I suppose I'll jump in to the world of the blog with a question: What do you consider to be a solid and accessible introductory textbook to calculus?
By Solid I mean: No gaps in coverage that leave the reader at a disadvantage because of unclear text and examples or outright missed topics.
By Accessible I mean: Written so the average student can expect to understand the concepts directly or with a small amount of help outside the classroom.
Early this season, after the Maplesoft team came out on the wrong side of a 13-6 loss, we were frustrated by the team's inability to score more runs. The previous year we averaged 14 runs a game. This started me wondering, just how many runs can our team expect with a given lineup?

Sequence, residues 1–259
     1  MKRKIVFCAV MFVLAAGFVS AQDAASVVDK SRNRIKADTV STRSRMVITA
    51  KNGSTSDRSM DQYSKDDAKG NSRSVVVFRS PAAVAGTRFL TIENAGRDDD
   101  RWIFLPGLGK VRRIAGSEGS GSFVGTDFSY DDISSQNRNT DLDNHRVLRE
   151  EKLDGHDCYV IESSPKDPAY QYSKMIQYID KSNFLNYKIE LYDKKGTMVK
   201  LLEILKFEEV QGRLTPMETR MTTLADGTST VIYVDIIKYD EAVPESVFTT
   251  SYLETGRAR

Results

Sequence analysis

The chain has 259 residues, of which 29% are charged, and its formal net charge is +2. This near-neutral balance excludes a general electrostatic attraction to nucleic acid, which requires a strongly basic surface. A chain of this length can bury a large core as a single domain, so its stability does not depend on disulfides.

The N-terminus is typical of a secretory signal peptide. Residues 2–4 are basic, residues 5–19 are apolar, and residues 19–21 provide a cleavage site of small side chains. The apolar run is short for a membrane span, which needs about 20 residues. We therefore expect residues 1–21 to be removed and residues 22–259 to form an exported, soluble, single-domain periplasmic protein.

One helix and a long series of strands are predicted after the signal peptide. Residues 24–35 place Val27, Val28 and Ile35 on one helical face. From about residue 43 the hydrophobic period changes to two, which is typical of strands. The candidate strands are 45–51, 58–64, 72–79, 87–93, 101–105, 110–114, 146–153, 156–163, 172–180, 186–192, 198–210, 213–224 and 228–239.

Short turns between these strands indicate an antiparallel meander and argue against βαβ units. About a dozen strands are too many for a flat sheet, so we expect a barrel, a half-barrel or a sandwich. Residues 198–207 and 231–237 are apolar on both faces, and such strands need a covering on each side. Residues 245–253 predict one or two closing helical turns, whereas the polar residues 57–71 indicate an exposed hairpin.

Suppose you assume that it takes three hits in an inning to start scoring runs. Now, let's assume you have five .500 hitters coming up to bat. What is the probability that you'll get 3 hits among those five batters, thus scoring one run?
Here are two illustrations for how one might want to check to see if g is the same as f. The attached file is a Maple 10 worksheet.
This post is primarily a test of attaching pictures and documents within the environment. If this works, you should see a photo of the view from our rental apartment during my family's recent holiday in Tuscany, and you should be able to access a Maple document via the attachment. Any problems in viewing or detaching, contact me. Any questions on the apartment, see www.toscanacasevacanza.com